Sleep staging and respiratory events in refractory epilepsy patients: Is there a first night effect?

Linda M. Selwa, Mary L. Marzec, Ronald D. Chervin, Kevin J. Weatherwax, Bradley V. Vaughn, Nancy Foldvary-Schaefer, Lily Wang, Yanna Song, Beth A. Malow

Research output: Contribution to journalArticle

27 Citations (Scopus)

Abstract

Purpose: We performed this analysis of possible first night effects (FNEs) on sleep and respiratory parameters in order to evaluate the need for two serial night polysomnograms (PSGs) to diagnose obstructive sleep apnea (OSA) in epilepsy patients. Methods: As part of a pilot multicenter clinical trial investigating the effects of treating sleep apnea in epilepsy, two nights of PSG recording were performed for 40 patients with refractory epilepsy and OSA symptoms. Sleep architecture was examined in detail, along with respiratory parameters including apnea/hypopnea index (AHI) and minimum oxygen saturation. Analysis included two-tailed t-tests, Wilcox sign rank analysis, and Bland Altman measures of agreement. Results: Total sleep time differed between the two nights (night 1,363.8 min + 59.4 vs. 386.3 min + 68.6, p = 0.05). Rapid eye movement (REM) sleep and percentage of REM sleep were increased during night two (night 1: 12.3% + 5.9 vs. night 2: 15.5% + 6.2, p = 0.007), and the total minutes of slow-wave sleep (SWS) were increased (night 1: 35.6 + 60.7 vs. night 2: 46.4 + 68.1, p = 0.01). No other sleep or respiratory variables differed between the two nights. Given an AHI inclusion criterion of five apneas per hour, the first PSG identified all but one patient with OSA. Discussion: Respiratory parameters showed little variability between the first and second nights. Sleep architecture was mildly different between the first and second PSG night. Performing two consecutive baseline PSGs to diagnose OSA may not be routinely necessary in this population.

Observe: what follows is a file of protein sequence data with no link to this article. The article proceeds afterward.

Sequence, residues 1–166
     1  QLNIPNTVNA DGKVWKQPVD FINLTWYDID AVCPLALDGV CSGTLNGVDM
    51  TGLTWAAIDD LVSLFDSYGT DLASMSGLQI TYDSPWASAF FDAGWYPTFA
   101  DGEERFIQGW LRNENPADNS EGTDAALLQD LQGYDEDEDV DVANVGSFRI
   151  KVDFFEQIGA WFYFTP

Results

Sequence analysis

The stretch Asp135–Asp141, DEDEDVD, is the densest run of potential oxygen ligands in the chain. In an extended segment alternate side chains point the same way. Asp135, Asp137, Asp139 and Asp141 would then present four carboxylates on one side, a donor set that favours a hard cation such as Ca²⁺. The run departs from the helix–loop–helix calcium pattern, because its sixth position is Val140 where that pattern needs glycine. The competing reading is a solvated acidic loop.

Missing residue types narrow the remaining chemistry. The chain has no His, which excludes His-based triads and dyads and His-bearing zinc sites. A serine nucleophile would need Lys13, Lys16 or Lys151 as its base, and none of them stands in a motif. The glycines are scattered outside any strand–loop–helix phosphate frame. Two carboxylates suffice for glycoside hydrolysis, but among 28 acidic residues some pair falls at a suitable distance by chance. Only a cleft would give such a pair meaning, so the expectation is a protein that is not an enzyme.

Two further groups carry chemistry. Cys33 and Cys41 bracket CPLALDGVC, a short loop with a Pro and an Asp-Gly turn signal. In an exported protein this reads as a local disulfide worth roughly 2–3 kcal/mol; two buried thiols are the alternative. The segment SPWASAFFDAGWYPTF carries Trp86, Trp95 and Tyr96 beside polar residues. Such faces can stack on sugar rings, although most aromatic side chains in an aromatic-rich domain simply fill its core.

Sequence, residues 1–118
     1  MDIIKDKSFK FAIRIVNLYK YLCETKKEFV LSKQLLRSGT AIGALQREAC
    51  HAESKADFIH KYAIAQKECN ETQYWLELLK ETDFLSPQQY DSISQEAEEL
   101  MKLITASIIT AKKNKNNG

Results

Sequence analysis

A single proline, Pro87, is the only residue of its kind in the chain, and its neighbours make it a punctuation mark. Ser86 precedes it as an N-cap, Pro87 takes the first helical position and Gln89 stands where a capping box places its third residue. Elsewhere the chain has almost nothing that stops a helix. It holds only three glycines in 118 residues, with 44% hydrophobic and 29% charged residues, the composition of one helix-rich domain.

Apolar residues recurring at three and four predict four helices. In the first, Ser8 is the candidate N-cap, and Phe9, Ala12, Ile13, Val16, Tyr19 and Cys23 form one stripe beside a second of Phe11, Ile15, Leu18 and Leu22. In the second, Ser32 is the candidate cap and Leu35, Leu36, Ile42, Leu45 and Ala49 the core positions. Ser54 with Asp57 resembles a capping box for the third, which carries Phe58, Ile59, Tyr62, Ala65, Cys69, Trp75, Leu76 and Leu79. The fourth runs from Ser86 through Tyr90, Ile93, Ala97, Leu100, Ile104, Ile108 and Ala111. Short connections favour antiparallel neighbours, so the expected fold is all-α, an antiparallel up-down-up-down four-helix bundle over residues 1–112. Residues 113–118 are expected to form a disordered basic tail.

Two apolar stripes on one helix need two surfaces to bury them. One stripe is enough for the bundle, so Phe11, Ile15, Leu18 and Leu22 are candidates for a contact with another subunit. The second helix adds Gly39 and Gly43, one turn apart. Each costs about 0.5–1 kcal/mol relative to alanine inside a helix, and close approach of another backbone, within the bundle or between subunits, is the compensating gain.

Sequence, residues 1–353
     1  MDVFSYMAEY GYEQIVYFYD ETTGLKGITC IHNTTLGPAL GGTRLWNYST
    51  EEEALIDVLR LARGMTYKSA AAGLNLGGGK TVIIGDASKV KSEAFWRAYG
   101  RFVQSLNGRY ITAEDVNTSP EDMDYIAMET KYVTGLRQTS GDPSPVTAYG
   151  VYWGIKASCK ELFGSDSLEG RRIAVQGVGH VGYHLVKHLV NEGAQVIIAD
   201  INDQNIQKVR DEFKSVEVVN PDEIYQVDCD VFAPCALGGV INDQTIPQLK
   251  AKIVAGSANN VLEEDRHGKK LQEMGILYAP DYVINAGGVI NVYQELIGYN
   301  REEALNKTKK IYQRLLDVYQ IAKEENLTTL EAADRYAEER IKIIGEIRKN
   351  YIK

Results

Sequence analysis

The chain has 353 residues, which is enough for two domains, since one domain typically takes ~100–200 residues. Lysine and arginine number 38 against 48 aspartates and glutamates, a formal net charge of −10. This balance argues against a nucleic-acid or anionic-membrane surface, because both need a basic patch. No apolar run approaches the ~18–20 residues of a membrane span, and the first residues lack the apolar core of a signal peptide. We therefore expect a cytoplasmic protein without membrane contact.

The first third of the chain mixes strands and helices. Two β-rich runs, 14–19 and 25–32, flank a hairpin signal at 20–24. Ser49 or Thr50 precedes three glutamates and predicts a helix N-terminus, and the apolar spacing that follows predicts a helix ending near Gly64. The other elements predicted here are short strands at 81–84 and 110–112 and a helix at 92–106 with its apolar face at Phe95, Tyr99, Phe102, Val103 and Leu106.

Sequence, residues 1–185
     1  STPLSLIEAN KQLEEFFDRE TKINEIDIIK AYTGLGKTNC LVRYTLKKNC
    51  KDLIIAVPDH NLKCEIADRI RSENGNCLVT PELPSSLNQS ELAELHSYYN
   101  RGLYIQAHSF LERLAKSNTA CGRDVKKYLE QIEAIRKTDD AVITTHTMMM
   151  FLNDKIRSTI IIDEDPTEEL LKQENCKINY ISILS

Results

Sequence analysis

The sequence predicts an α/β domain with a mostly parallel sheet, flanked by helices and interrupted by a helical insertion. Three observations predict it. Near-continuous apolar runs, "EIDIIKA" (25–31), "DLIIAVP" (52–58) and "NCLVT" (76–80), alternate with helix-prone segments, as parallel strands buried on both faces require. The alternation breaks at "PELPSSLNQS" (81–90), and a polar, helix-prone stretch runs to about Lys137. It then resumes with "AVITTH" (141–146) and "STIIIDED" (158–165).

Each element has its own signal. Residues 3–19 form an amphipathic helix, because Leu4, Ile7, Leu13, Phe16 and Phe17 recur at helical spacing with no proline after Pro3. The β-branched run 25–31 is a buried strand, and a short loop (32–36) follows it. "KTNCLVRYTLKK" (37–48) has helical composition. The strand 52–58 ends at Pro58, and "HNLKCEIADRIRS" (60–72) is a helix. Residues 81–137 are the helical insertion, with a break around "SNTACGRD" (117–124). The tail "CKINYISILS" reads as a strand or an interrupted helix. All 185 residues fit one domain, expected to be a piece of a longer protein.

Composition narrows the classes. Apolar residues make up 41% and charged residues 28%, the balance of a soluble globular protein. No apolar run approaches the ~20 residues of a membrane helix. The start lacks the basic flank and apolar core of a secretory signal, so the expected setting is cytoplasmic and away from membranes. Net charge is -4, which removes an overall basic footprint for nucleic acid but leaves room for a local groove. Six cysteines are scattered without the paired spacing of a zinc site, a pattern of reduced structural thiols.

Original languageEnglish (US)
Pages (from-to)2063-2068
Number of pages6
JournalEpilepsia
Volume49
Issue number12
DOIs
StatePublished - Dec 1 2008
Externally publishedYes

Fingerprint

Epilepsy
Sleep
Obstructive Sleep Apnea
Apnea
REM Sleep
Sleep Apnea Syndromes
Nonparametric Statistics
Multicenter Studies
Clinical Trials
Oxygen
Population

Keywords

  • Epilepsy
  • First night effect
  • Obstructive sleep apnea
  • Polysomnogram
  • Rapid eye movement (REM) sleep
  • Slow-wave sleep (SWS)

ASJC Scopus subject areas

  • Neurology
  • Clinical Neurology

Cite this

Selwa, L. M., Marzec, M. L., Chervin, R. D., Weatherwax, K. J., Vaughn, B. V., Foldvary-Schaefer, N., ... Malow, B. A. (2008). Sleep staging and respiratory events in refractory epilepsy patients: Is there a first night effect? Epilepsia, 49(12), 2063-2068. https://doi.org/10.1111/j.1528-1167.2008.01681.x

Sleep staging and respiratory events in refractory epilepsy patients : Is there a first night effect? / Selwa, Linda M.; Marzec, Mary L.; Chervin, Ronald D.; Weatherwax, Kevin J.; Vaughn, Bradley V.; Foldvary-Schaefer, Nancy; Wang, Lily; Song, Yanna; Malow, Beth A.

In: Epilepsia, Vol. 49, No. 12, 01.12.2008, p. 2063-2068.

Research output: Contribution to journalArticle

Selwa, LM, Marzec, ML, Chervin, RD, Weatherwax, KJ, Vaughn, BV, Foldvary-Schaefer, N, Wang, L, Song, Y & Malow, BA 2008, 'Sleep staging and respiratory events in refractory epilepsy patients: Is there a first night effect?', Epilepsia, vol. 49, no. 12, pp. 2063-2068. https://doi.org/10.1111/j.1528-1167.2008.01681.x